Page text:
A closed shop, British Railways steam train station. Click photo to view detail.
It's over. By the time you read this, I've already gone. I've closed my Etsy shop. And you have lost your way.
One late August night - without any warning - you ripped out the heart of your feedback system. In one fell swoop, you alienated thousands of sellers and buyers alike with arbitrary and ill-considered changes. You wiped out all the years and years of thoughtful exchanges between buyer and seller; the digital trail of transactions made and relationships formed.
Not only did you remove all feedback from transactions (prior to a year ago), you eliminated sellers' rights to leave feedback for buyers. And you've created a "review" system so illogical, it actively discourages buyers from leaving feedback.
You've replaced feedback choices of "positive, neutral or negative" with five "industry standard" stars (that in their bright yellow hue, echo a dark period in history). You've asked buyers to rate the number of stars that best reflect their shopping experience. You've also prompted them to write "at least five words" about each purchase. In a really odd move, you've made buyers' names public, providing contact information for potential spammers or advertisers!
Privacy issues aside, buyers can't "review" the item the day the parcel arrives - that would be too easy! Instead, you've forced buyers to mark their calendars for up to three weeks later - a date apparently based on a random shipping estimate - to return to Etsy and leave feedback. Meanwhile, you plan to email/spam buyers with helpful "reminders" to leave a "review." Are you deliberately trying to annoy your customers, Etsy??!!
And by eliminating the buyers' feedback history, sellers have no way of knowing whether to expect a routine transaction or trouble from a customer trying to game the system.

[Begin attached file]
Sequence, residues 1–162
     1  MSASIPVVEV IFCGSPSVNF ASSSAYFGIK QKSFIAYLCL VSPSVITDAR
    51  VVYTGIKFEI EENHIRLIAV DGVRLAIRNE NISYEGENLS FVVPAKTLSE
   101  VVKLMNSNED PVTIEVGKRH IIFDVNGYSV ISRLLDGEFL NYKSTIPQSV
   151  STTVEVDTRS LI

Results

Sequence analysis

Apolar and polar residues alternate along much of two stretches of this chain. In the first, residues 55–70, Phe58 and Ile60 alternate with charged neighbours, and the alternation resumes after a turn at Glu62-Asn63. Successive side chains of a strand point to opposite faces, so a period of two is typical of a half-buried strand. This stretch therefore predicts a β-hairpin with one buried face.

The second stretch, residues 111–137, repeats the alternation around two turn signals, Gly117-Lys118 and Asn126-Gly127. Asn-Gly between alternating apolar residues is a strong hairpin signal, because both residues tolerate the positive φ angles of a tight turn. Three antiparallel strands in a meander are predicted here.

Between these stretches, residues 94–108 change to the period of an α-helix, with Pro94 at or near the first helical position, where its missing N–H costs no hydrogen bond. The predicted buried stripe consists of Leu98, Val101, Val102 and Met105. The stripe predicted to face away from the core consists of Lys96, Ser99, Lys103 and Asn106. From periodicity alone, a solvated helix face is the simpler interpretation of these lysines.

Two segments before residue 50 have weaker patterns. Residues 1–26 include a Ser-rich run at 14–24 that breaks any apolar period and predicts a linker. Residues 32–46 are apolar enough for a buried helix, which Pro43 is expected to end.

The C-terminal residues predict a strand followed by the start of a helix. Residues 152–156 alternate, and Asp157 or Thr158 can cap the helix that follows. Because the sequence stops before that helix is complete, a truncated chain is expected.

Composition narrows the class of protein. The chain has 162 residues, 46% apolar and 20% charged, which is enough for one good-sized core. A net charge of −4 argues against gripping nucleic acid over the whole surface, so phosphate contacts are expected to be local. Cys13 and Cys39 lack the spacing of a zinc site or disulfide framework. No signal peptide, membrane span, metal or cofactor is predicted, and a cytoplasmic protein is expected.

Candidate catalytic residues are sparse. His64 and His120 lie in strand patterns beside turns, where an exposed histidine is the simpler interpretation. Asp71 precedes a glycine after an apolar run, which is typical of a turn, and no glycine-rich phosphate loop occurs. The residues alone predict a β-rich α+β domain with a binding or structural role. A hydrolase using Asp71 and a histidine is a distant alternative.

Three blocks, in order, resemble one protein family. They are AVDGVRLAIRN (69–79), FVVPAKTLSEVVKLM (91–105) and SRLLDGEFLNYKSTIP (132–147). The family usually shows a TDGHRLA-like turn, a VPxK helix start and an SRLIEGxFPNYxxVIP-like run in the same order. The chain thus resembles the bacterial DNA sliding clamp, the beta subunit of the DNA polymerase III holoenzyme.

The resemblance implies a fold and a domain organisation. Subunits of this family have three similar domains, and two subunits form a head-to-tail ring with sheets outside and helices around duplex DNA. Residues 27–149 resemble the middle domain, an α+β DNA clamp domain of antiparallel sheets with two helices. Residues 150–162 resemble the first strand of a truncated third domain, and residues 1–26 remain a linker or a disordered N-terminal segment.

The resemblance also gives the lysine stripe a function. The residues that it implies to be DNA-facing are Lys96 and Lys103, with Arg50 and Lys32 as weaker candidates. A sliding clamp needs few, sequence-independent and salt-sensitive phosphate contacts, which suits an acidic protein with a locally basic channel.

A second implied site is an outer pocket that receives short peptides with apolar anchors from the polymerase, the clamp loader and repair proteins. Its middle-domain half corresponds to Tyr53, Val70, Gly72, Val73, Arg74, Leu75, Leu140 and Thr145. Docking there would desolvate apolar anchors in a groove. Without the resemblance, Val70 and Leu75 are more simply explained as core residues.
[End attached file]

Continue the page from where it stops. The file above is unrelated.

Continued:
Thousands of bewildered buyers and shell-shocked sellers have expressed valid concerns about these changes in Etsy forums - more than 12,500 in one thread alone. After all, a company making such dramatic changes without bothering to provide customers with advance notice surely is unprecedented in modern corporate behaviour. Sellers and buyers alike have been left scrambling to figure out the new system, in lieu of direction.
Etsy dismissively has muted its sellers; closing numerous threads and censoring comments. Occasionally, an "admin" has responded with patronising platitudes or vague allusions to "improvements" in a month or two. But for the most part, sellers have been silenced and left in the dark. Alas, you seem to have forgotten that without sellers, you'd be out of business.
Of course Etsy admins had a handful of one-hour phone calls with a privileged few (who then declined to reveal what was said, although they'd vigorously complained in the forums). But I never knew until Etsy blew up with furious sellers that you don't even maintain a customer service phone number! It's no wonder your customer service is so abysmal.
Etsy once prided itself on creating a unique marketplace for independent artists and artisans and vintage sellers. But with success, it seems you've abandoned your roots. And many, many sellers are choosing to take their business elsewhere.
Your reverence for handmade and vintage appears to have dimmed. Apparently, your head's been turned by hot-off-the-assembly-line shiny new items from China. After all, there's more money to be made in mass production of cheap goods of dubious distinction. How else can one explain why Etsy - widely applauded as the place for all things handmade - now openly promotes factory-produced knock-offs from China on the front page? A quick scroll through Etsy pages reveals thousands of such resellers.
A small Cambridge-based company has been producing beautiful leather book satchels for generations. On Etsy, a company in Singapore or China is touting virtually identical, brand-new copies in every colour, proclaiming them "vintage." The only thing "vintage" about those satchels is their copyrighted design. And Etsy - in its headlong race to mediocrity, as increasingly it emulates the behemoth eBay - lets these rogue companies violate community standards.
It would appear Etsy is in danger of becoming yet another corporation that has forgotten its founding ethos in favour of profit. You've undermined all that's unique and special about your original business model by adopting so-called "industry standard" practices that elevate profit over the individual. It's no surprise two founders left the company.
Even if you reversed course vis-a-vis your recent "improvements," it would be too little, too late. The trust has been eroded. Sadly, I don't see how such a customer/public relations disaster can end well for you, Etsy.
Parisparfait (closed shop with 100 percent positive feedback)